A possible failure point.
If I am connecting wires outside or under the trailer or tow vehicle. I use heat shrink butt connectors with a piece of heat shrink tubing over the butt connector and liquid electrical tape.

http://www.amazon.com/Yellow-12-10-S...SMDB81JEQVQ0JF

try this video.

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Old 08-14-2015, 08:14 AM   #9
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Heating copper wire does not harden or embrittle it, heating ( even up to its melting point and then quenching) softens copper. What does make make copper wire hard and brittle is deformation thru bending, vibration, impact, etc. Solder your connections, crimp without deformation, avoid nicks from wire stripping tools, provide strain relief, and secure installed wiring so as to minimize flexing and your wire will last brittle free "forever". 😊
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Old 08-14-2015, 08:44 AM   #10
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Quote:
Originally Posted by dayner View Post
Heating copper wire does not harden or embrittle it, heating ( even up to its melting point and then quenching) softens copper. What does make make copper wire hard and brittle is deformation thru bending, vibration, impact, etc. Solder your connections, crimp without deformation, avoid nicks from wire stripping tools, provide strain relief, and secure installed wiring so as to minimize flexing and your wire will last brittle free "forever". 😊
Best response of the bunch. Thanks.

BTW there is a "potted" wire nut now available which has a built in moisture sealant and oxidation protector. It can even be used to make connections underground on 120 volt wiring. It completely seals the connection unlike any tape which only holds the moisture in once it gets in (and it will). One time use only. Available at Home Depot, Lowe's etc. Looks like a big special wire nut, and comes about 4 to a pack, and not cheap, but very good.
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Old 08-14-2015, 09:14 AM   #11
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I remember reading, and experience confirms, that in the marine environment soldering is not recommended due to corrosion. That said, before I read that I did solder connections on my boat and as long as they were kept dry, they were fine. I have observed the solder corrode away in outdoor unprotected joints on antennas. Whatever you do protect the joints from moisture. When i replaced some brake magnets I used crimp butt splices and heatshrink.

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Old 08-14-2015, 09:34 AM   #12
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A good thread on WOODALLS in re new brake wiring and size increase.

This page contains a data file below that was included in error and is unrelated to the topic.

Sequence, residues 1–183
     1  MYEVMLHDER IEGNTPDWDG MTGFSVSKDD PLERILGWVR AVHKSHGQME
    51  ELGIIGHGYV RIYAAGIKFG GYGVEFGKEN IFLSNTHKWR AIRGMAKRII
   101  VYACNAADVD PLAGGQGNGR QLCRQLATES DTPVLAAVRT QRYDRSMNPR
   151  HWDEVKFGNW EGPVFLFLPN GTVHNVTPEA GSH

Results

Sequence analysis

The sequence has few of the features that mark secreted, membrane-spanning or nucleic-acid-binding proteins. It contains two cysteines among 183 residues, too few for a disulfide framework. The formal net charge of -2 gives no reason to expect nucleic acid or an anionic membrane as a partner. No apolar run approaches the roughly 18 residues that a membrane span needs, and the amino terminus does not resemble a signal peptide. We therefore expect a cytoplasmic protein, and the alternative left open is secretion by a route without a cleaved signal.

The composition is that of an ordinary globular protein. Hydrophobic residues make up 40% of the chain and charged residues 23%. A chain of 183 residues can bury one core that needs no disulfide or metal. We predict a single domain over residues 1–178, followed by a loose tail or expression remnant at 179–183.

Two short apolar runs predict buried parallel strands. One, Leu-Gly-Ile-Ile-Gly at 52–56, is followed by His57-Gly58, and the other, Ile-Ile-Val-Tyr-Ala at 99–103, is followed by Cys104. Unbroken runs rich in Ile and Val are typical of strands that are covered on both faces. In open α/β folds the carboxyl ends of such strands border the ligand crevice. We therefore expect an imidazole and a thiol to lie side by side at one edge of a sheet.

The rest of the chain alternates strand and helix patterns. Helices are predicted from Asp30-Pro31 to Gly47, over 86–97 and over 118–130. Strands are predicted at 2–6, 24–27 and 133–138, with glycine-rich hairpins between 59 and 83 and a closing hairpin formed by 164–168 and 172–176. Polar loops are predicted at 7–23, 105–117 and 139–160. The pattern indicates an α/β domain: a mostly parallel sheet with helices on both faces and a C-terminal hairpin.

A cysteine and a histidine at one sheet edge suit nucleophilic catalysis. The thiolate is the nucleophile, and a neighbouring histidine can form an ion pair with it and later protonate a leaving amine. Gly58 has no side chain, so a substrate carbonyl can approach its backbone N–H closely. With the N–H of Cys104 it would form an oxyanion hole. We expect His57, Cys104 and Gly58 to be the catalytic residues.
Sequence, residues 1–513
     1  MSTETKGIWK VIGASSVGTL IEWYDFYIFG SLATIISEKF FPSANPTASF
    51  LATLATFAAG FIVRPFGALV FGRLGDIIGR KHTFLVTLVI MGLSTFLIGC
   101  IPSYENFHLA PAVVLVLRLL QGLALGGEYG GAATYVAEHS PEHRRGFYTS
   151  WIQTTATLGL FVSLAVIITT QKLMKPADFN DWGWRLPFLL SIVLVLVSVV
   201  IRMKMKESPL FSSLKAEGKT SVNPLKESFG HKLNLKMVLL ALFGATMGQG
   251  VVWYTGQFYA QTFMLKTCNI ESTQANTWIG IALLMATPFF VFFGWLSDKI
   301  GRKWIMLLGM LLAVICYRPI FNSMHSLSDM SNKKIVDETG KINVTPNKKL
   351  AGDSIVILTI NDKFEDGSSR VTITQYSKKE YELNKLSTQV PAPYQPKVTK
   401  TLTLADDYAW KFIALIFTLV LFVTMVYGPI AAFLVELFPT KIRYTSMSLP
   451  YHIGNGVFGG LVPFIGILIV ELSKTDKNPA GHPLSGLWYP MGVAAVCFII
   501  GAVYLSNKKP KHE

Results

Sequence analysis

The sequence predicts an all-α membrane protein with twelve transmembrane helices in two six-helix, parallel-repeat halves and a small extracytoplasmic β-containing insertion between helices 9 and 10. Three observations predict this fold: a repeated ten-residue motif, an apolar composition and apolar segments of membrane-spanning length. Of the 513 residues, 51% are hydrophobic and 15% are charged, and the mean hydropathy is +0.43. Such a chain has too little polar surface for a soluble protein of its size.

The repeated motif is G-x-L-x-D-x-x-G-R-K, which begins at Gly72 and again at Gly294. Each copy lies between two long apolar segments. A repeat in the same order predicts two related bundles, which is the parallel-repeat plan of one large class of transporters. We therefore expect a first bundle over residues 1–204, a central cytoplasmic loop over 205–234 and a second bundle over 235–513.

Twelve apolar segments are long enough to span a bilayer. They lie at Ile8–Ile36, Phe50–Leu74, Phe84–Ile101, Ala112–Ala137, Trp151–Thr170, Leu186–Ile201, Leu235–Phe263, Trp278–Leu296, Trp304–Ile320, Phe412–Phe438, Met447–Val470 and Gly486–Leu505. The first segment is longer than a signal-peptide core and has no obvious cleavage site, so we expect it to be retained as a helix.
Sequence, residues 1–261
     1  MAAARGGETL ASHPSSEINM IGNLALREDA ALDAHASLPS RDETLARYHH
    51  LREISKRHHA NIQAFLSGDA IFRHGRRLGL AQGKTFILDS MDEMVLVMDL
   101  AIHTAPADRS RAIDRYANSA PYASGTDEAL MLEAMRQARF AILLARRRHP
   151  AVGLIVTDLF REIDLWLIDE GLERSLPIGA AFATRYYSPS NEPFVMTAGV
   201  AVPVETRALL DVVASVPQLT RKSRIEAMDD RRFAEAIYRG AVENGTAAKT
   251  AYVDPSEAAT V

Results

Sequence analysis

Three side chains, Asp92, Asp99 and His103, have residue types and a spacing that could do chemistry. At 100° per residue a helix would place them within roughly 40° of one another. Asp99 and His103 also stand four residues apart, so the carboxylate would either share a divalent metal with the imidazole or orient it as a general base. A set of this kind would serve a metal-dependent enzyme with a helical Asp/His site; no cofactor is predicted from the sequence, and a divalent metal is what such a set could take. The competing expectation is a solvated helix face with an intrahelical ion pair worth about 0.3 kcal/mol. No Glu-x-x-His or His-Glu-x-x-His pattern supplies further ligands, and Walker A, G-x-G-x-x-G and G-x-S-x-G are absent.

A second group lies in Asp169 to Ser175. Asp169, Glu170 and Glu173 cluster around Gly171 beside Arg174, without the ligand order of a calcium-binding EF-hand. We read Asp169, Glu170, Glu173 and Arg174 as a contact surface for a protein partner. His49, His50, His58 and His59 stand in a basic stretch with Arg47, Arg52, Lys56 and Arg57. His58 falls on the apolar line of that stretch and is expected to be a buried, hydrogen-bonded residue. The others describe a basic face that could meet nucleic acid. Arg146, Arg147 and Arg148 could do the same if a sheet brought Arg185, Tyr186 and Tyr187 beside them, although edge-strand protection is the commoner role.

(John Barca) JBarca

Independent Brake Wire Feed Upgrade
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Old 08-14-2015, 07:27 PM   #13
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Thanks for the input all. Still trying to decide but I think I'll probably end up soldering the ends.
The fact that there are 5x 12gauge wires coming together I don't think butt splices would work to well without having a whole bunch of splices = more points to fail. That's definitely a good option for where the brake wire and wire from the actual brakes come together since it's one wire in to one wire out. Underground wire nuts seems like a good option there as well.
Since the ends won't be subject to any bending stresses and will be secured in the belly to a cross member I think the solder is going to be the best electrical connection. Ill strip a good length so I can get a really good twist, fluxing before twisting. Then heat and feed plenty of solder. Cool with wet cloth to cool the wire insulation back down. Then I'll trim a little off the jagged end. Then I'll dip the whole thing in liquid electrical tape up past the insulation to protect it then wrap the hell out of it and secure it somewhere where it's not likely to get much if any moisture. Wire clamp close to the soldered joint and another back a few inches to support the wires. All the wires beyond are /will be inside split loom for extra protection.
I understand the concern with solder stiffening the wires. More of a concern where wires are butt spliced and soldered, or soldered in a linear fashion. The copper stays soft but gets encapsulated by wicking of the solder along the wire creating a stiff joint because the solder becomes hard and wire becomes inflexible. Bending would then increase the stress on the copper strands since they can no longer flex independently and can break.
Soldering a connection like the wires were inside a wire nut and no bending on the connection, there shouldn't be an issue as long as the wires are secured. If I do this I zip tie several times a few inches back from the soldered joint as a strain relief measure.
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Old 08-15-2015, 12:43 AM   #14
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USCG doesn't allow soldering due to vibration. Never a concern for us, right?